The Crimes Act 1914 contains a number of provisions enabling those who plead guilty or are found guilty of a Commonwealth criminal offence to avoid going to prison, despite a criminal conviction being recorded against them.
Section 20(1)(b) of the Act allows a person who is sentenced to imprisonment for a Commonwealth offence to avoid going to prison for all or part of the term of the sentence conditional upon entry into a good behaviour bond for up to a period of 5 years.
This is known as a ‘recognizance release order’.
There are two broad types of recognizance release orders:
- Where a defendant is immediately released into the community conditional upon entering a bond, or
- Where a defendant with a prison sentence of 3 years or less is released from custody after serving a specified period of the time in prison, conditional upon entering a bond for the remainder of the time.
Conditions that come with the recognizance release orders include being of ‘good behaviour’ – which means not committing any criminal offences for the duration of the order – agreeing to pay a sum of money if the order is breached.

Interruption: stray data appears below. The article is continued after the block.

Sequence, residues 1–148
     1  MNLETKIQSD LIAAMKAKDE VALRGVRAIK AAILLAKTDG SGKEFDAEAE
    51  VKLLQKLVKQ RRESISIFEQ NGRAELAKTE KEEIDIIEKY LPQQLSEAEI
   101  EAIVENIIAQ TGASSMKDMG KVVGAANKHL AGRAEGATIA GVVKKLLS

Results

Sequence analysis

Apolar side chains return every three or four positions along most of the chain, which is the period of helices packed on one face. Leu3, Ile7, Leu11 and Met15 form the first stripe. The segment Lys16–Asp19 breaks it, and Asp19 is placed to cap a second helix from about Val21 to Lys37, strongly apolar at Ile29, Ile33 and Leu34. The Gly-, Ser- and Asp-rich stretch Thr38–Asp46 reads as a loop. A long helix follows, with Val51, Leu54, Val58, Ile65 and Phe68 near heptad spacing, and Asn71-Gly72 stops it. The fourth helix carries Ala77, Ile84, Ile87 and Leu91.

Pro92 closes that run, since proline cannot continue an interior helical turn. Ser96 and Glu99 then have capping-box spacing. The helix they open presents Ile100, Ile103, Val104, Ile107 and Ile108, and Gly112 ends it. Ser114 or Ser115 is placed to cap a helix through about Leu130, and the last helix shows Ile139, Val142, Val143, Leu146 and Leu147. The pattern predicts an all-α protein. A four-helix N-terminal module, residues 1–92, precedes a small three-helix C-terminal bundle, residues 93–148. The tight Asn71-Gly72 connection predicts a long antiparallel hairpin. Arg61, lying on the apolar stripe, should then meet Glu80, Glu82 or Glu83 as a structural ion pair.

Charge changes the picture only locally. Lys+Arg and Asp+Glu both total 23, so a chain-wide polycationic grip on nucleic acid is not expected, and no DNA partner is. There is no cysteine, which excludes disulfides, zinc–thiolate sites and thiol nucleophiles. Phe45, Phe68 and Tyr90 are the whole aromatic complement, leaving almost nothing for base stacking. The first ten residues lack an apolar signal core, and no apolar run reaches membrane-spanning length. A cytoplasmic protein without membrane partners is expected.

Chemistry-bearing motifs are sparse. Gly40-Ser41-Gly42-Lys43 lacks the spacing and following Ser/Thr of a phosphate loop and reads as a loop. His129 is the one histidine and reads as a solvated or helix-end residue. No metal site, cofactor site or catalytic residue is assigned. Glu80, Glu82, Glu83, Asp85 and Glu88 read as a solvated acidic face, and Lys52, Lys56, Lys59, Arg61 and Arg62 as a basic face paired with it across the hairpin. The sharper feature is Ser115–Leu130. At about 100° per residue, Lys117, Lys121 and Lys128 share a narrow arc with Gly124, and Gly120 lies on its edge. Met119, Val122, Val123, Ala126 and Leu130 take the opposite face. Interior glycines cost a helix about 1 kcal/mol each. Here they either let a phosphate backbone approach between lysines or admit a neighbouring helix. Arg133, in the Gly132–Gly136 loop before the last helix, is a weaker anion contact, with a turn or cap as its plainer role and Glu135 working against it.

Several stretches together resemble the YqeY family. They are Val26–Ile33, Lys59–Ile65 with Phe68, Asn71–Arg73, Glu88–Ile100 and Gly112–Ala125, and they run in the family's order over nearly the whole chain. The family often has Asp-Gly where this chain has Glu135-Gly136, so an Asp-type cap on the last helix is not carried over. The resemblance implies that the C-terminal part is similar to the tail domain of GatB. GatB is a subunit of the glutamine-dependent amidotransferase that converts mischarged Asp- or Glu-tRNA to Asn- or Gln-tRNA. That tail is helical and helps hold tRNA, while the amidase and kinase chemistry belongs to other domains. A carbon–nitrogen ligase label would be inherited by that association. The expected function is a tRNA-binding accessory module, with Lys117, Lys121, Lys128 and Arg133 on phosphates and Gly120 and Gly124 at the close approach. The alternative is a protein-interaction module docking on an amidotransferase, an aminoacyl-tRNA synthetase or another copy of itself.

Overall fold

There can be a number of additional conditions, which may include:
- Undertaking mental health support or treatment, such as counselling,
- Complying with supervision by community corrections, and/or
- Paying a monetary order such restitution, reparations or compensation for the damage caused by the offence.
Breaching a recognizance release order can result in a person being called back before the court and dealt with for the breach, in which case the court may:
- Take no action for the breach,
- Extend the period of complying with conditions of the order, or
- Revoking the order and imposing an alternative sentence, which may include full time imprisonment.
A recognizance release order is not available for certain offences including terrorism, treachery, espionage and treason.